Allergic bronchopulmonary aspergillosis with coexistant aspergilloma: a case report
© Kern and Lopert; licensee BioMed Central Ltd. 2010
Received: 18 December 2008
Accepted: 20 September 2010
Published: 20 September 2010
The coexistence of allergic bronchopulmonary aspergillosis and aspergilloma is rare.
We present the case of a 56-year-old Caucasian man who worked as a farmer, with infiltrates in the right lower and middle lung lobes, partial consolidation of the middle lobe and with previous diagnosis of chronic obstructive bronchitis. Evaluation of our patient led to the diagnosis of allergic bronchopulmonary aspergillosis with coexistent aspergilloma in the right lower lobe. He was treated with oral methylprednisolone and itraconazole. At the five-year follow-up he is without any sign of recurrence.
Aspergillus infection after the inhalation of spores in the form of a hypersensitivity reaction and saprophytic colonization can be coexistent.
Allergic bronchopulmonary aspergillosis (ABPA) is a complex hypersensitivity reaction in patients with asthma, which occurs when bronchi are colonized by the fungus Aspergillus, most often Aspergillus fumigatus. The disease is characterized by type I and type III hypersensitivity reactions. The incidence may be as high as 6% of patients with asthma . Repeated episodes of bronchial obstruction, inflammation and mucoid impaction can lead to bronchiectasis, fibrosis and respiratory compromise.
Aspergilloma is a saprophytic growth of fungus, usually A. fumigatus, in the lumen of an existing cavity, which does not invade the tissue. Fungus ball formation has been observed in an old tuberculosis cavity, bronchiectasis, abscess or in a congenital cyst.
We present a case of the coexistence of ABPA and aspergilloma. A patient with ABPA developed a cavitary pulmonary lesion with characteristic radiological appearances of aspergilloma. The management and time sequence of the ABPA and aspergilloma occurrences are discussed.
A 56-year-old Caucasian Slovenian man, who worked as a farmer and was a non-smoker, was treated for bronchopneumonia in the right upper lobe in 1970 and 1974. The infiltrate resolved after antibiotic therapy with penicillin. He also had symptoms of chronic bronchitis, but he did not require therapy.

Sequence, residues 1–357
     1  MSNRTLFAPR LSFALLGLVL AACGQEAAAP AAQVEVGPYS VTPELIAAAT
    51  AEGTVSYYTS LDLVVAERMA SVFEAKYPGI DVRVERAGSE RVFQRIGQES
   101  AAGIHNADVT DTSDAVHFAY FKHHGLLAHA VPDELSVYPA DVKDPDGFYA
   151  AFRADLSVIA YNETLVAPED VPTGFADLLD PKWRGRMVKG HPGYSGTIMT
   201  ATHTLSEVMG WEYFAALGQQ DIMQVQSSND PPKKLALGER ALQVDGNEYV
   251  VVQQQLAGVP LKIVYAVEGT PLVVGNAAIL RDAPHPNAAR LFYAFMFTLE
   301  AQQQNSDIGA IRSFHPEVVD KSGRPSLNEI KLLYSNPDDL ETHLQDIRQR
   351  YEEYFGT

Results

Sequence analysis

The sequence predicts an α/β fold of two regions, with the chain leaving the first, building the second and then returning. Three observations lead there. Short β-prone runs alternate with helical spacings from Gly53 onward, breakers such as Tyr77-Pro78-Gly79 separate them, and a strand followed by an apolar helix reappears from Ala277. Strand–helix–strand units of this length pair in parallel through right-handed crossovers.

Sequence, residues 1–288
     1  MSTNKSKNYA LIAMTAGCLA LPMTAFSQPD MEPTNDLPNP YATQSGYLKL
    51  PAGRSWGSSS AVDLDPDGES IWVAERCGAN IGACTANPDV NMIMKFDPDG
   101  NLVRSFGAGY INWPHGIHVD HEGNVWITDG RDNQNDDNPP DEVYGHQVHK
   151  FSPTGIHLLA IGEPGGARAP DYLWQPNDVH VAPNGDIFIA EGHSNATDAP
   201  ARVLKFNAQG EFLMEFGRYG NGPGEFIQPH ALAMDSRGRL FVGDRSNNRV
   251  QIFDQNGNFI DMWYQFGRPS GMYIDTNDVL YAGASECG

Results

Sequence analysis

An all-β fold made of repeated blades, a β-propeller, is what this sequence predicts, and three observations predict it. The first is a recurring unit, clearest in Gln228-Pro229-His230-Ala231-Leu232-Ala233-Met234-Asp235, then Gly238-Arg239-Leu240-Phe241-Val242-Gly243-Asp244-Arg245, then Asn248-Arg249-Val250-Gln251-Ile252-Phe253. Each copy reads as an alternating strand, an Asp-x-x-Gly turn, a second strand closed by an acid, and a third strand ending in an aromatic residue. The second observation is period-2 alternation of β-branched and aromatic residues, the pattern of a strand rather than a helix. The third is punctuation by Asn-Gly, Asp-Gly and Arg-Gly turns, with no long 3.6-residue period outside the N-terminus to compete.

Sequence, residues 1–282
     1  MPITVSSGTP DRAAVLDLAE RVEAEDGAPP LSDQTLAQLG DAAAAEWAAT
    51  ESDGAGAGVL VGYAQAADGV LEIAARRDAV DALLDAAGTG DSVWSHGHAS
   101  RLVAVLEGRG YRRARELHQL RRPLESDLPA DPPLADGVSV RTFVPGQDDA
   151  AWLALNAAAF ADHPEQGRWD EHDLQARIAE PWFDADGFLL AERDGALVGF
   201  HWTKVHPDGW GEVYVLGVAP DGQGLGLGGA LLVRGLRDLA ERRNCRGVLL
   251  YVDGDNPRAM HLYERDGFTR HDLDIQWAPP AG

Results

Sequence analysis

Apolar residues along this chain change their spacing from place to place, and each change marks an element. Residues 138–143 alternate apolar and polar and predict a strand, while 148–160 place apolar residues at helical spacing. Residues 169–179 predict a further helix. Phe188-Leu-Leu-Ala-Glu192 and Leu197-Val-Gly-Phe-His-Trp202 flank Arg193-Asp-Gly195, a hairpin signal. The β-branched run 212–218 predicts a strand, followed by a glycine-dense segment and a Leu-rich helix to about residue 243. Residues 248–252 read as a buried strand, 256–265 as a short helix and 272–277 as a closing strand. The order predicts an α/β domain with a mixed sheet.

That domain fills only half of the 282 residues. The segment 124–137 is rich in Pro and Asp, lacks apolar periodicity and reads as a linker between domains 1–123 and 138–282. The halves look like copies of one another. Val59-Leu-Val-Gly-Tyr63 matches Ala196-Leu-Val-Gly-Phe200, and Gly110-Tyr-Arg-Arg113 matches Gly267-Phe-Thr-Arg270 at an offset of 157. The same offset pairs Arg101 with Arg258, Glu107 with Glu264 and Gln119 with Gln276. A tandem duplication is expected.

In 1996, our patient presented with persistent cough, dyspnea and sweats. He had no fever. A general practitioner prescribed him a macrolide antibiotic, but there was no response to this treatment and our patient was referred to a pneumologist. A chest radiograph showed an infiltrate with cavitation in the right lower lobe. Sputum testing for tuberculosis was negative. Tuberculine testing was positive and our patient received tuberculostatic therapy without any improvement over the following four weeks.
The coexistence of an aspergilloma and ABPA is a rare finding. Some authors described a development of aspergilloma secondary to ABPA [2–4], and others reported ABPA consequent to aspergilloma [5, 6]. In 1973 Safirstein described an occurrence of aspergilloma consequent to ABPA . Israel (1980) reported the rapid development of aspergilloma secondary to ABPA with a brief history of preceding asthma . Shah reported, in 1989, two patients with ABPA who later developed aspergillomas and were followed over 30 and 18 months, respectively . In 1979, Ein et al. reported two patients with an ABPA-like syndrome consequent to aspergilloma with subjective and objective improvements after the administration of corticosteroid therapy . Rosenberg (1984) described a patient with such a combination followed over a two-year period . Our patient has been followed over five years and has not shown signs of recurrence which can occur after many years of remission .